* Astronomy

Members Login
Post Info TOPIC: Gems & Jewellery


L

Posts: 131433
Date:
Perfect blue diamond
Permalink  
 


The 7.03 carat diamond, from the Cullinan mine in South Africa, is no wider than a penny piece, but it is one of only a handful in the world and is expected to reach somewhere between $5.8 million and $8.5 million (£3.9 million and £5.7 million) when it is sold in Geneva.

Read more

__________________


L

Posts: 131433
Date:
Kazanjian Red Diamond
Permalink  
 


One of just three in the world, the Kazanjian Red Diamond is currently being held at the Hixon Gem Vault in Los Angeles.

See more

__________________


L

Posts: 131433
Date:
The Hope Diamond
Permalink  
 


Democratic America has no crown jewels. but we've got the next best thing, or maybe a better thing altogether, in the Smithsonian's National Gem Collection, on display in the National Museum of Natural History in a new setting that suits its splendour, the Janet Annenberg Hooker Hall of Geology, Gems and Minerals.
The gem collection dates back to 1884, when a curator in the Smithsonian's Division of Mineralogy assembled a modest array of American precious stones for display that year at the New Orleans Exhibition. In the ensuing 116 years, the collection has grown to a dazzling scale and beauty, thanks almost entirely to donors who wanted their jewels to be in the nation's museum.

Read more

__________________


L

Posts: 131433
Date:
Gems & Jewellery
Permalink  
 




-- Edited by Blobrana at 04:14, 2009-01-02

__________________


L

Posts: 131433
Date:
The Aurora collection
Permalink  
 


In the bright light, the diamonds, fixed like pin heads to trace a pyramid shape, give out fireworks of colour. Splashes of daffodil yellow, orange, olive green, lavender blue and purple dazzle the eyes.
But when the light goes down, the gemstones seem even more miraculous and mysterious. This time, exposed to ultraviolet light, there is an inner glow that makes the colours dance like fireflies in the glass case at London's Natural History Museum.
The Aurora collection of 296 coloured diamonds, with a 267.45 carat weight, has been collected and selected over 25 years by Alan Bronstein, an American dealer and gemologist. It was formerly displayed as the Aurora Pyramid of Hope at the American Museum of Natural History in New York from 1989 to 2005.

Read more

__________________


L

Posts: 131433
Date:
RE: Gems & Jewellery
Permalink  
 


Diamond exploration in glaciated terrain differs from precious or base metal exploration in that it uses indicator minerals and boulders, instead of till geochemistry, to detect glacial dispersal from a kimberlite. Kimberlites are small (few hundred meters across), circular point sources. They are relatively soft rocks that have been preferentially eroded by preglacial weathering and glacial scouring to deeper levels than the surrounding bedrock surface and as a consequence are covered by lakes or thick glacial sediments. Discoveries of kimberlite on the Canadian Prairies, in the Northwest Territories and northern Ontario and Quebec have sparked unprecedented levels of diamond exploration in the glaciated Shield terrain of Canada and Finland.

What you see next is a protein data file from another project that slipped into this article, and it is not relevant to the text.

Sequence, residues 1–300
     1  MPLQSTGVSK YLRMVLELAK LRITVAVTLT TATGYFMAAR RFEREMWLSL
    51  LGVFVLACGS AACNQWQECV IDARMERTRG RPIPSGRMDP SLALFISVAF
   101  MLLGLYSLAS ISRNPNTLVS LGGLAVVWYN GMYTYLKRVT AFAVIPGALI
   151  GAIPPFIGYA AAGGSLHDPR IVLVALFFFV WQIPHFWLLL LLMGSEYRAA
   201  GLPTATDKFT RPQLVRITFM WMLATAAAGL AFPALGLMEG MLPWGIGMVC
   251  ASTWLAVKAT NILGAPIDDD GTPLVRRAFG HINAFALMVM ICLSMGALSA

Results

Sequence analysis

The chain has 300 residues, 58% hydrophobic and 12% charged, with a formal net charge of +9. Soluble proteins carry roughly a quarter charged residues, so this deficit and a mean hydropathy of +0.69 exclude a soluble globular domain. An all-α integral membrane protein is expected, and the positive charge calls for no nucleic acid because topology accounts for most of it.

Read more

__________________


L

Posts: 131433
Date:
Diamant Bleu
Permalink  
 


The discovery of a lump of lead in Paris has enabled experts to prove that the Hope Diamond, a star exhibit of the Smithsonian Institution in Washington, is the long-lost centrepiece of the crown jewels of prerevolutionary France.
It had long been suspected that the Hope, which was given to the Smithsonian in 1958 by the jeweller Harry Winston, came from the Diamant Bleu that was looted in Paris in 1792, when King Louis XVI and Queen Marie Antoinette were being held prisoner. Now François Farge, the chief mineralogist with the Paris Museum of Natural History, has used technology to prove that it is, indeed, the crudely cut-down heart of the 69-carat diamond originally bought by an adventurer in Hyderabad, India, in the 17th century.

Read more

__________________


L

Posts: 131433
Date:
RE: Gems & Jewellery
Permalink  
 


Worlds Scarcest Stones Yet to be Discovered by the Public
While it may seem Greek to some, the grandidierite, majorite or painite are just a few of the worlds rarest gemstones. And while some may be considered costly, others are surprisingly affordable thanks to their general anonymity to the public. However, each of these rare gemstones represents an exclusivity that can only be attributed to a handful of gems.

Read more

__________________


L

Posts: 131433
Date:
Permalink  
 

Some volcanoes bring diamonds - but not the ones in Arizona
Not all volcanoes had carbon in their lava. No carbon, no diamonds

Read more

__________________


L

Posts: 131433
Date:
Permalink  
 

Gem expects to find more large diamonds at Letseng
Gem Diamonds believes there are more large stones where its latest 478 carat discovery came from. A size frequency distribution model indicates that large, high quality stones will be found on a regular basis.
Gem Diamonds' discovery of a 478 carat, white diamond at its Letseng mine in Lesotho does not come as a great surprise to the company that employs a size frequency distribution model indicating the mine will deliver gems of great size on a regular basis.

Read more

__________________
«First  <  14 5 6 7 8 9  >  Last»  | Page of 9  sorted by
Quick Reply

Please log in to post quick replies.



Create your own FREE Forum
Report Abuse
Powered by ActiveBoard